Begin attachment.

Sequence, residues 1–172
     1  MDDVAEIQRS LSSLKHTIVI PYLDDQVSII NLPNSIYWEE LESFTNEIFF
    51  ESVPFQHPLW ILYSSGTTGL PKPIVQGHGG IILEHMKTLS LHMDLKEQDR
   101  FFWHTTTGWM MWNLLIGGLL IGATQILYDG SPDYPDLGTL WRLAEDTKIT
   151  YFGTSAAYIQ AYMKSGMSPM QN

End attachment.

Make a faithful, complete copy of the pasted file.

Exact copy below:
Sequence, residues 1–172
     1  MDDVAEIQRS LSSLKHTIVI PYLDDQVSII NLPNSIYWEE LESFTNEIFF
    51  ESVPFQHPLW ILYSSGTTGL PKPIVQGHGG IILEHMKTLS LHMDLKEQDR
   101  FFWHTTTGWM MWNLLIGGLL IGATQILYDG SPDYPDLGTL WRLAEDTKIT
   151  YFGTSAAYIQ AYMKSGMSPM QN